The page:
PHOTOS: Lunch on the Port of Tangier, 'Naked Lunch' Style
We travelled to Morocco to follow in the footsteps of William S. Burroughs.
All photos are by the author unless otherwise mentioned.
A version of this article originally appeared on MUNCHIES France.
It’s 1 in the afternoon at the fishing port in Tangier, Morocco. I’m on the docks, sitting at the table of cheap restaurant and trying in vain to clean my fingers, which are as greasy as a bicycle chain. What’s left of a fried fish dinner lays in front of me, devoid of all temptation: My stomach and my camera are already well-filled. I came here with visions straight out of Naked Lunch in mind—an Interzone in Northern Africa, shrouded in scents and vibrant colors.
Ryanair flight FR7744 dropped us off on the tarmac of the Tangier airport the day before, late in the afternoon. We were greeted by a warm, comforting sun—a welcome we appreciated, having come all the way from snowy Paris. This morning, we woke up to the muezzin’s song, the call that summons Muslims to the mosque for prayer.
We take to the street. The sea and Spain are directly in front of us, guiding us towards the port and its fishers. We walk along the docks and zigzag through nets filled with the morning’s catch, under the watchful eyes of a cat who seems more amused than interrogatory and fishers who are hard at work.
You can see Spain when you look north along the horizon; it’s a mere 15 kilometers away. The port of Tangier acts as a link between the African continent, the Mediterranean Sea, and Europe. It also feeds Morocco with tuna, moray eels, and other fresh fish. Between its famous blue and white walls, Tangier gives way to an entire network which moves to the reeling in of the nets, the unloading of the daily catch onto the docks, and the patching up of old boats—everything from the initial sorting of the fish to their gutting, sale, and packaging for hungry customers.
For the majority of the participants, this morning ballet—lulled by the sweet scents drifting from hash pipes—ends with the food stalls adjoining each market vendor’s stand. Surrounded by plastic picnic tables and billboards converted into makeshift roofs, everything that has fins and bones gets fried. It’s a no-frills operation: Trays of fried fish are served with a lemon wedge and a paste-like salad made from beetroot and raw onions.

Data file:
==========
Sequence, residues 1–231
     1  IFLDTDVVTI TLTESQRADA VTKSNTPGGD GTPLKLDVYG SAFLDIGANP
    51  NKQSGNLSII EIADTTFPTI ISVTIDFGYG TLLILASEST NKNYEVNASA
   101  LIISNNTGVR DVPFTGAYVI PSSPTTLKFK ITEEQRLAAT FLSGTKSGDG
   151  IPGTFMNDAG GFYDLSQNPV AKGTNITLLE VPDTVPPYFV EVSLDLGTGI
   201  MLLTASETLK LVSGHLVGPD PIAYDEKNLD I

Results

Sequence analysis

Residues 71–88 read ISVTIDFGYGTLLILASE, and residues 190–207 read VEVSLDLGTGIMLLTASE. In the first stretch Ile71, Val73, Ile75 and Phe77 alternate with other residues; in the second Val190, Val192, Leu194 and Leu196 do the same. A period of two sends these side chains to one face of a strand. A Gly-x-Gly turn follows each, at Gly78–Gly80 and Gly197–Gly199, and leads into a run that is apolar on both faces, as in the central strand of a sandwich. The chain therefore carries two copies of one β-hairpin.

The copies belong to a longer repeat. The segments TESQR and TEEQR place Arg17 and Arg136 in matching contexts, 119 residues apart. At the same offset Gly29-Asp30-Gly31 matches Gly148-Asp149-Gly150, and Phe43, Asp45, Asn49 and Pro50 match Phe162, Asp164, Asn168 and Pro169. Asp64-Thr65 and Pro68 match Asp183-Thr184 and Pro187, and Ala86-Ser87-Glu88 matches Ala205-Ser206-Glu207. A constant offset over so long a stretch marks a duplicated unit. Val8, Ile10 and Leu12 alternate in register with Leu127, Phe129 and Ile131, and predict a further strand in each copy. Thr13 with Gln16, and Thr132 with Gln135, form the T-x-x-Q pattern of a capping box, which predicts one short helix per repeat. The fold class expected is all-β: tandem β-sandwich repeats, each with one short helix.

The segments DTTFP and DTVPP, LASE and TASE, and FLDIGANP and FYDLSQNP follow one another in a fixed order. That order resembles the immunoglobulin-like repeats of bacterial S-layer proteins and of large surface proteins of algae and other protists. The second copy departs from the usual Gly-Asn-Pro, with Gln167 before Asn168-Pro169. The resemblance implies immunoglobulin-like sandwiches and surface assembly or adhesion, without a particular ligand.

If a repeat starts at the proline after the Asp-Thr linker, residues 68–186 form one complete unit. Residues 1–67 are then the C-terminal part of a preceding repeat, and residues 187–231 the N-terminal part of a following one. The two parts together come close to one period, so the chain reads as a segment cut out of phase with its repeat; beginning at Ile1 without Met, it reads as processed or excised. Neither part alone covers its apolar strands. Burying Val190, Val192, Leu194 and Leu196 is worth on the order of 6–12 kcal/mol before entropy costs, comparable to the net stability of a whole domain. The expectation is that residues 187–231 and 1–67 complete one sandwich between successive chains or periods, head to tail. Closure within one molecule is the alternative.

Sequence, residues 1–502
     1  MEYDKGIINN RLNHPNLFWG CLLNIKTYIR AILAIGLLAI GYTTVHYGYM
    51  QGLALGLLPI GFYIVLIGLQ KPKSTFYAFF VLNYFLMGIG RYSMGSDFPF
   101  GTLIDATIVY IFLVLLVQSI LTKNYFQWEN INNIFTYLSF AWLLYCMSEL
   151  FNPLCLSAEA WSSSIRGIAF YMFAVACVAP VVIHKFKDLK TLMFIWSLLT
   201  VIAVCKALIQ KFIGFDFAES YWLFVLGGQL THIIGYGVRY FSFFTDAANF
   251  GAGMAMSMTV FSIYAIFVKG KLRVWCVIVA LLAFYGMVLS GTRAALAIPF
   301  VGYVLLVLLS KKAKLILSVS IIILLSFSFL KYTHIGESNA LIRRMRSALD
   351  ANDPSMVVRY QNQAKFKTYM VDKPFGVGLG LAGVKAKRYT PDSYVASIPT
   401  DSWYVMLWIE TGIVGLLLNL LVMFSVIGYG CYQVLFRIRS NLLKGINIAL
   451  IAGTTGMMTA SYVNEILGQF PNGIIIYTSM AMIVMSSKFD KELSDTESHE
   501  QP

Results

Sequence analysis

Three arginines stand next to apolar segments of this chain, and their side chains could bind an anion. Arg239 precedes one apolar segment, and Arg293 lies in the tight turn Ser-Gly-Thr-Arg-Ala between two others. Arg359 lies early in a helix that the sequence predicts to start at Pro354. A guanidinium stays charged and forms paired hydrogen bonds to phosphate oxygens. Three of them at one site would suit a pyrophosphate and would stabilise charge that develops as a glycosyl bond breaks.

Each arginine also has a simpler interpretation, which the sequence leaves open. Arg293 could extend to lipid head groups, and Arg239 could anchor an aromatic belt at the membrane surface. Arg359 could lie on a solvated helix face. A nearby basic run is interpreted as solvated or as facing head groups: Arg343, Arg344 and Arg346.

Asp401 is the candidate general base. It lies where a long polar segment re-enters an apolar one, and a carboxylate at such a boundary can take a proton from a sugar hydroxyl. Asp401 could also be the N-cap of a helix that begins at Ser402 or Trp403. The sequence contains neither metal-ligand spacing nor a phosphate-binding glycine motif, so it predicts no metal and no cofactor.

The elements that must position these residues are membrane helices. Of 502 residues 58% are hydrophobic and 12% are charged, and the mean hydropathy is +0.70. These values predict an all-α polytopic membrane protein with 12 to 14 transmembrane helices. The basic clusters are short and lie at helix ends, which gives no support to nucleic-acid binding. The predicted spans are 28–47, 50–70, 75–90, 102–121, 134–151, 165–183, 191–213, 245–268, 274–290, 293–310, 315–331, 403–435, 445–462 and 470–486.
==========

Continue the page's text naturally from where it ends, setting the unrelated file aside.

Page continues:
Even the napkins are optional and need to be purchased from Houcine, who weaves between the tables offering tissue packs and lifesaving finger wipes. Seated with their elbows on the table and woolen hats fixed firmly to their heads, the fishermen talk loudly and give the impression that they haven’t yet debarked their boats. We park ourselves on plastic patio chairs in mismatched colors. The server who comes to greet us doesn’t bother with fruitless explanations; when we ask what the spot is serving, he replies in Arabic that "everyone gets the same thing." That’s good by us, so we don’t ask anything more.
Unfortunately, this bustling hive is headed towards its last seconds of life, as the construction of a new, more modern port threatens to displace the historic fishing port that’s currently here. After Mohamed VI took to power, Tangier has been gripped by frenetic modernization, which has resulted in the installation of 51,000 square meters’ worth of storage to house all the equipment necessary for a contemporary fishing industry (such as a fish market, ice factories, refrigerated warehouses, stores for shipowners and whole fish merchants).
Bearing that in mind, these picturesque scenes slip before our eyes like vintage, dog-eared postcards, each one a fragment of time, a precious moment sure to evaporate. We tried to carry as many as possible with us. Here’s a few gems we took with us, accompanied by captions, just in case.